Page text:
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Student cell phone use needs strict enforcement

    Ninety-eight percent.
 That was the most startling statistic to emerge from last week’s Sonora High School Board discussion on student cell phone use.
    That, said junior Luke Houghton, is the percentage of students who violate a school rule against texting or otherwise using a cell phone in class. In other words, he said, everybody flouts the rule.
    Houghton should know: He’s the student representative on the school board.
    “It may be an enforcement issue,” Houghton understated.
    It also shows that Trustee Ed Clinite’s concern that using cell phones might be “distracting” to students is more than justified.
        Think about it: What if 98 percent of the school’s students were talking in class? Or even 50 percent? Or even 30?
    Maybe texting away on your phone is not as loud or as obvious as talking, but in terms of distracting students from the lessons at hand, it’s just as harmful. And, how could texting during an exam possibly improve your scores?
    In fact, school administrators suspect, cell phone use during annual state tests may be hurting Sonora High’s scores.
    Teens are easily distracted and are focusing more on text messages than on their lessons, contended Clinite. “Who’s doing something to make them serious?” he asked.
    Houghton conceded that rampant texting can defeat the purpose of school and that the first-offense punishment — having your phone confiscated for the rest of the day — is not much of a deterrent.
    “It’s detrimental to the whole classroom environment,” said Trustee Kathy Ankrom. “It’s disrespectful.”
    Although High School Principal Todd Dearden said Houghton’s 98 percent figure is likely high, he conceded that in-class texting has become a campus problem.
    Although trustees had no solutions last week, Clinite ventured an ultimatum: “Let students know that if they’re not serious, we’re going to change the policy.”
    But what changes would those be?
    A few districts, most notably the huge New York City school system, ban cell phones outright. But Dearden said this would likely be unpopular with parents concerned with their sons’ and daughters’ safety and the ability to contact them in the case of an emergency.
    “I’m not even sure we could legally do it,” he said.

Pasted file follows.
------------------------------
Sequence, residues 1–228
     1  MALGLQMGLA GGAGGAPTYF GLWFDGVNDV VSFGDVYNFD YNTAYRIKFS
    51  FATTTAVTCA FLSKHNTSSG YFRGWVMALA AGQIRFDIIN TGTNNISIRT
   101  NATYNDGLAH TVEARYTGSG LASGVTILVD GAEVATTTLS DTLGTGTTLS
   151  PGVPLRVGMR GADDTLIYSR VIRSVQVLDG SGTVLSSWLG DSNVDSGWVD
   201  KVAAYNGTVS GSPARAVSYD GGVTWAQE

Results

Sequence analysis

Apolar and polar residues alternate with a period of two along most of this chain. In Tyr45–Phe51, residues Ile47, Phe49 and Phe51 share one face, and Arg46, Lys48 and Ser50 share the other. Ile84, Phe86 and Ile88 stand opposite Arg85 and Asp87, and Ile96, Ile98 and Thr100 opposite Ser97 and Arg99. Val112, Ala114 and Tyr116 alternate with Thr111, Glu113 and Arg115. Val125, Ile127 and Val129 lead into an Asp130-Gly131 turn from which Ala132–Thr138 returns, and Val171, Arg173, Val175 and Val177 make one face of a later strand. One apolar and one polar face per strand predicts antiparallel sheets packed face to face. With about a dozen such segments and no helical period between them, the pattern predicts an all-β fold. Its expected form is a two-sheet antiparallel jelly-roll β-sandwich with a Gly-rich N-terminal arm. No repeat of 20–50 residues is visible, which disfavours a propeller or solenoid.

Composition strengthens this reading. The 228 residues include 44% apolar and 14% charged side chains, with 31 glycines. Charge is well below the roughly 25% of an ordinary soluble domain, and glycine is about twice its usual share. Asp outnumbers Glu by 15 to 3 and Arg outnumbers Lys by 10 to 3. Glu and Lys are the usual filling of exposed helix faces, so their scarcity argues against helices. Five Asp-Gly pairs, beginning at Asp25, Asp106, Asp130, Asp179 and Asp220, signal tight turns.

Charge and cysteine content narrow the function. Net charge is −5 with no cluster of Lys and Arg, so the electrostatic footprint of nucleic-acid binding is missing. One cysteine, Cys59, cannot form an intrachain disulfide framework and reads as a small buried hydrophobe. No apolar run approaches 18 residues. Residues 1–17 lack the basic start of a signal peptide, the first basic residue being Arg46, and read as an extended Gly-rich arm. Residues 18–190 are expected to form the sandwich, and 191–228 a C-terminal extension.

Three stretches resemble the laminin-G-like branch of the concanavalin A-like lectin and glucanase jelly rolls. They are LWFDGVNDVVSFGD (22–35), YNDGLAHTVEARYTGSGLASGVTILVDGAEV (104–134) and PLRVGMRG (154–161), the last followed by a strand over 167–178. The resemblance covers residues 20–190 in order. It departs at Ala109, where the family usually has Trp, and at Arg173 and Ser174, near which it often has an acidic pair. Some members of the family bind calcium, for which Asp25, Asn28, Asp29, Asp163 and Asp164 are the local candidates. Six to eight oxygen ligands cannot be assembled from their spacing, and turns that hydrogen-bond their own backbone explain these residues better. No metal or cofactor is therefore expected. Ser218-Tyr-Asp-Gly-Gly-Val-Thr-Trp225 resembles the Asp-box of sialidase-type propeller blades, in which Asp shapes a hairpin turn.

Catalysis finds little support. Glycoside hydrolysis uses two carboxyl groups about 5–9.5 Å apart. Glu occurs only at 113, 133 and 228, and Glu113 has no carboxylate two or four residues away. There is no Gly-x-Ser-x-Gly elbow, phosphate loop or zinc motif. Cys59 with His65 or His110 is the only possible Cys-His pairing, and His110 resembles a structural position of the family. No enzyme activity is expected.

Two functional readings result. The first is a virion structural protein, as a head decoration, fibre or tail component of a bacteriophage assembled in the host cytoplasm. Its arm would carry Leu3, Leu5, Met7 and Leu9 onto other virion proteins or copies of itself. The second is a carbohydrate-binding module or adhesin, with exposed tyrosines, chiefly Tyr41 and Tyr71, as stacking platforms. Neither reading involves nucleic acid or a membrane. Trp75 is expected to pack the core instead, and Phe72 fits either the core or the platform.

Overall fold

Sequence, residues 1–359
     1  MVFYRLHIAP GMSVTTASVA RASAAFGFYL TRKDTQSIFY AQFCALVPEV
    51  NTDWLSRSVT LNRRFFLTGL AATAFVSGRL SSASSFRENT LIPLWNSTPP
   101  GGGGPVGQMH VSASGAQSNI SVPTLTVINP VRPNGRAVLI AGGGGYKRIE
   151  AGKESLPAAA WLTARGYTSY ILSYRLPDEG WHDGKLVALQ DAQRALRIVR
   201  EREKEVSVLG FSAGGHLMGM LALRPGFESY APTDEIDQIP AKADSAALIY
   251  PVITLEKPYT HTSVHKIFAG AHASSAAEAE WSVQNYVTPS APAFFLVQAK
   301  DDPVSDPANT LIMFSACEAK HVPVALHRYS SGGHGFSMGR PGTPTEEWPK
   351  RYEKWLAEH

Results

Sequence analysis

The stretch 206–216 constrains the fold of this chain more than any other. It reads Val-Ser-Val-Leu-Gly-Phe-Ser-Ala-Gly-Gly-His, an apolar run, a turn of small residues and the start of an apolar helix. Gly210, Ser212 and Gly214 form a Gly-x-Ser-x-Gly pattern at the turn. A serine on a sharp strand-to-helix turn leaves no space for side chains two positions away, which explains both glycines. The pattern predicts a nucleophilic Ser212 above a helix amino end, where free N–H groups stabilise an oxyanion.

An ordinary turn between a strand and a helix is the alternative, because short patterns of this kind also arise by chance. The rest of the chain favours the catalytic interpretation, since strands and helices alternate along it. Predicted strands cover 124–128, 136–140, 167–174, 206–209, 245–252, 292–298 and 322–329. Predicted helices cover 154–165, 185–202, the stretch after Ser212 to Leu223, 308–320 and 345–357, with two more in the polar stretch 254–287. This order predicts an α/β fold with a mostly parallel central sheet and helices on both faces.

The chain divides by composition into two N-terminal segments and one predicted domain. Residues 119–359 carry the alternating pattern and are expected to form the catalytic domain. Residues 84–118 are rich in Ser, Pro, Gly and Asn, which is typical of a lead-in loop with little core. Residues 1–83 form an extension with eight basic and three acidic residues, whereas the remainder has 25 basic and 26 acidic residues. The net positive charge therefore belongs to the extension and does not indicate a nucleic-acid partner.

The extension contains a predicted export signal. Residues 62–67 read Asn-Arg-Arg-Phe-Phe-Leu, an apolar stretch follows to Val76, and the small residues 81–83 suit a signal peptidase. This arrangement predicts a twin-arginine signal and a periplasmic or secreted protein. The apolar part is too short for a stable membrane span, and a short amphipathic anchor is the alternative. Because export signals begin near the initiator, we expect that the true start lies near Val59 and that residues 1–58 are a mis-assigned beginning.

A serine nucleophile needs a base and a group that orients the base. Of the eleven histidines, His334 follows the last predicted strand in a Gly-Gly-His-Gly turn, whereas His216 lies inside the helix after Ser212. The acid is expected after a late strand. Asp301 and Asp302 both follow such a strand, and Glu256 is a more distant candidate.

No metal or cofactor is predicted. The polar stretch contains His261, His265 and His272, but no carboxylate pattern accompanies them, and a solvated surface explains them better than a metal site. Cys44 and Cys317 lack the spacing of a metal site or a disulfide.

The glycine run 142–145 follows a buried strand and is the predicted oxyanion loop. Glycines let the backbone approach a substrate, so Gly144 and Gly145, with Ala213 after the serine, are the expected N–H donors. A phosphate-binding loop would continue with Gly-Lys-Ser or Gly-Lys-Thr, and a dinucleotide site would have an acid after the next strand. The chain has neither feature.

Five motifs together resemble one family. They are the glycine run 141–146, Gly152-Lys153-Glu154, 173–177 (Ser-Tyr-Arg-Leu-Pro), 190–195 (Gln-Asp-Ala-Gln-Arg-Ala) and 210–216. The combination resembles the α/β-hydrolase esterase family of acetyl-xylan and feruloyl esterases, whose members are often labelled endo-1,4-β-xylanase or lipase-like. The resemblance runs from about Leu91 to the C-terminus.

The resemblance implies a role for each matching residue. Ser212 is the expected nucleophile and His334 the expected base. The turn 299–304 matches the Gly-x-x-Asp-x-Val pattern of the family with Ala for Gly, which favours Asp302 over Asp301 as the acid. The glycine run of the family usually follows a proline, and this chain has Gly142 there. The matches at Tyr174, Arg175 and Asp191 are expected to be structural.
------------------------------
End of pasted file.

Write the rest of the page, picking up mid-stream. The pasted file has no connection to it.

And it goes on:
Other schools, including Angels Camp’s Bret Harte High, have a “zero tolerance” policy forbidding any cell phone use on campus.
    Calaveras and Summerville high schools, like Sonora, allow phone use at lunch hour and between classes. But, at least so far, problems like those aired at Sonora’s meeting have not come to light on those campuses.
    “And I would be the first to hear about them,” said Dave Urquhart, Summerville’s principal.
    Which brings us back to enforcement, which Dearden conceded could be stepped up at Sonora’s campus.
    As it is, the principal said, Sonora High confiscates 10 to 15 phones every day (to Summerville’s daily average of one).
    There are fewer second offenses, where parents must come to campus to pick up illicitly used phones, and only a handful of three-time losers who have been stripped of their cell privileges altogether.
    But if what Houghton says is even close to close to correct, the above numbers may represent only the most blatant of violations. Classroom enforcement, clearly, must be stepped up.
    Teachers, understandably, may not be enthusiastic about being phone cops. Yes, a serious crackdown may take a few days, but it would have long-term benefits.
    The school’s message would be clear, as would the answer to Trustee Clinite’s question.
    Strict enforcement of the school’s cell phone policy would indeed be doing “something to make the students serious” — or at least far less distracted — in the classroom.

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